Bear and I had a pretty good time in it.  He was much softer off my leg than he normally is.  I can only think this is due to the trimmer fenders.  I also felt nice sitting in the seat.  In my saddle I definitely shift forward and back a lot, but in Robin’s I was in a nice pocket and very aware of the cantle.  But I wasn’t cramped. 

The only downside is Robin’s saddle is built with a narrower seat than mine.  This made my hips feel cramped.  I’m used to have a nice, wide spread over the horse, but this narrower seat got my problem right hip all flared up.  It hasn’t bother me that much riding since we took a lesson with my mom a while ago.  And we rode in English saddles, which were also very, very narrow (so were the horses).

But Bear and I still got a lot done.  Lots of loping and trotting and I also subjected him to a few whirly-gigs to see if my balance and timing were better.  Maybe a little, but I’ve got a lot of work to do there.

Before leaving I brought Steen in too.  We had to put the blankets back on all the guys on Wednesday due to freezing temps and rain.  We’ve got more of that in the forecast, but unfortunately the days are a little warm.  So I wanted to get as much dirt and hair out of his coat as I could.  And wow was that a lot of hair.  Steen’s got the most hair of all our horses, and the funny thing is, his coat is the most useless when it comes to keeping him warm.  But he was happy to hang out with me while I groomed him up.


Novels for Horse-Lovers

The Tipped Z Ranch books feature fictional stories but real horsemanship.

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We got out to the barn nice and early this morning.  It was still wet, soggy, and cold, but the wind was blowing hard and it was supposed to warm up.  In the mucky lot, Bear came up to me right away.  Again, Laredo was not too keen on hanging out with us.  He started coming to Robin, but then he got swept up in some other running horses. 

While I was trying to block his exits so Robin could make him come, I noticed that Whisper was lame.  He was not moving during any of the running, and then he took a step near me and could not bare weight on his right-hind leg.  It looked quite swollen, too.  So I went and deposited Bear in the arena and then went back out to grab him so our barn owner (and Whisper’s owner) could doctor him up.  He’s a sweet little 2 year old, and I’ve known him since the day he was born.  He’s also one of Bear’s best friends, so he was happy to come with us, though he really didn’t like walking on that leg.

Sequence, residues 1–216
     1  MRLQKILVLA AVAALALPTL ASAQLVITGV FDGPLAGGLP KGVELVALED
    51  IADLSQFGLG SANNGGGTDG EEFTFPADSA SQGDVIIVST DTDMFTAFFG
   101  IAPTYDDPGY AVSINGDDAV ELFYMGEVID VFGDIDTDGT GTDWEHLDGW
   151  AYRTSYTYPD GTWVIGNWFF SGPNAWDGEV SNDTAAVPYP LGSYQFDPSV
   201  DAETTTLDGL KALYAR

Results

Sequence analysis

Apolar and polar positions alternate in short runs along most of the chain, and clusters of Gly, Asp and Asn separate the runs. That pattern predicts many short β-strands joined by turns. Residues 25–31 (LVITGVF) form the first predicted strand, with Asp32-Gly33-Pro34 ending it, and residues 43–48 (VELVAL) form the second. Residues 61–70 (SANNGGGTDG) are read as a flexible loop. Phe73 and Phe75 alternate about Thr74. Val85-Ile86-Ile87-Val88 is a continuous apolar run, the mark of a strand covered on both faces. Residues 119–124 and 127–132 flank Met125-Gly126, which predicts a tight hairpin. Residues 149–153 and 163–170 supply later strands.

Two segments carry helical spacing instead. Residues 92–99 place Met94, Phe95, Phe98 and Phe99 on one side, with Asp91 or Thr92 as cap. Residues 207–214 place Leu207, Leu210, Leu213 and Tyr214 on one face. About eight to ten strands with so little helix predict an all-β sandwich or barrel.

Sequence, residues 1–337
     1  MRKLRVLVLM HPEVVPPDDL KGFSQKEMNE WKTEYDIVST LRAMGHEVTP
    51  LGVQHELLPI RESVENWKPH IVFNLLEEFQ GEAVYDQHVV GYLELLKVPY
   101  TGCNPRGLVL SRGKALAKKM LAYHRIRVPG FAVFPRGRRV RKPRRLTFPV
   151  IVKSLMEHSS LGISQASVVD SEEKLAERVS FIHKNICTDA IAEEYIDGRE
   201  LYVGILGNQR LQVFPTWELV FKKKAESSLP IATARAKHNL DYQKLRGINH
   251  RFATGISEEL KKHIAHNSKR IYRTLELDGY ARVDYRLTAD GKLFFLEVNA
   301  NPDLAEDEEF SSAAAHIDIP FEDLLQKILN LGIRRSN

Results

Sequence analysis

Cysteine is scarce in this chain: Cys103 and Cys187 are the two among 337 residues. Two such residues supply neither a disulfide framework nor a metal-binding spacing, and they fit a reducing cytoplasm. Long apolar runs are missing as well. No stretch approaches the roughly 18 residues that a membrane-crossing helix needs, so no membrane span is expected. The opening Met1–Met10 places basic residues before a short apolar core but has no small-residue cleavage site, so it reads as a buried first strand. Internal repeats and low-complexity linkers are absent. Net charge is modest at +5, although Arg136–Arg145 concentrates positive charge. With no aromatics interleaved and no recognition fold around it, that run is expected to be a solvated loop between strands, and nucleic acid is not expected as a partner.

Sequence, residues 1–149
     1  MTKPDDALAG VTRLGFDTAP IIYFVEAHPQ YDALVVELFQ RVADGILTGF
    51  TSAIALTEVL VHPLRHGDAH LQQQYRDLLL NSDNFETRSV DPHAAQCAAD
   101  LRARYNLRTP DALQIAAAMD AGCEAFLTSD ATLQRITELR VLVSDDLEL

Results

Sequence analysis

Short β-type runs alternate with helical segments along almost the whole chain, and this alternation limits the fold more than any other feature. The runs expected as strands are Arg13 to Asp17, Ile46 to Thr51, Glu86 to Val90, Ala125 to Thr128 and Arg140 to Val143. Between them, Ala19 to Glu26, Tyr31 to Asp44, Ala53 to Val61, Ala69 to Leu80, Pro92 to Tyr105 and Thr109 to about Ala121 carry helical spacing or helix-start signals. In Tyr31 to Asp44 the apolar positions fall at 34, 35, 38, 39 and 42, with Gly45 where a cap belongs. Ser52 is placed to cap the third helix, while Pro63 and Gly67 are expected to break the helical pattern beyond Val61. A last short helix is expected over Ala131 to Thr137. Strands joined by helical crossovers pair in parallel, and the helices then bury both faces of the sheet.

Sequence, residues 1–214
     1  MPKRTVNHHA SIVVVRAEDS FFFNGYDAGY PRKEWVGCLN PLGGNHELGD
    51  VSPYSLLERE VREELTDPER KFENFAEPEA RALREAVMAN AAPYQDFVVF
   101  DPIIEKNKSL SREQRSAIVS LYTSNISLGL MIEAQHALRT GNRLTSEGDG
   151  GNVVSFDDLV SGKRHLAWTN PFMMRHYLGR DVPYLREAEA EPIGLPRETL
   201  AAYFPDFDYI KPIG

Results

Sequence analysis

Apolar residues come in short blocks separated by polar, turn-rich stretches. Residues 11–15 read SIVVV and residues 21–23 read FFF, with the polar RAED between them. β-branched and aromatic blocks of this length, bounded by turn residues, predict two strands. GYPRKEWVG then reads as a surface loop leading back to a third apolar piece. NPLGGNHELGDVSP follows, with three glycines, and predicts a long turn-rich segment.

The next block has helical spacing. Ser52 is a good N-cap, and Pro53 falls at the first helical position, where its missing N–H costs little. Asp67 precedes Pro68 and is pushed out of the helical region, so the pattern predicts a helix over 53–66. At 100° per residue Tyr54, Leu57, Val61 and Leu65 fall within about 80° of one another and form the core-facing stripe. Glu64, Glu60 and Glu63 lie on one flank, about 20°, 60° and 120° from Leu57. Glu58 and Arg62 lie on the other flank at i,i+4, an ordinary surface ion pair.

It appears he’s received a few big kicks and cuts around the hock.  Hopefully with some icing and drugs and rest he will recover.

When I climbed on Bear today I had one main goal, be as soft as I can.  Particularly when using two hands to get him to collect or back up.  When I rode Laredo on Friday we were working on backing some circles.  We’ve been struggling with our back up for a little while, and backing circles have suffered as well.  I started each one with the lightest possible pressure I could, and that seemed to help a lot.  I started using that in our regular back ups and saw a difference there as well. So with Bear, I went after the same thing. 

I like to think I ride with light hands, and compared to many people I see, I do.  But I know I can get lighter, and I think recently I have firmed up without completely being aware of it.  I know in the past few months I’ve gained a lot of confidence.  Confidence to both try new things and ride through not so ideal moments, and also confidence in how to ask the horse for particular maneuvers and how to firm up when they aren’t responding.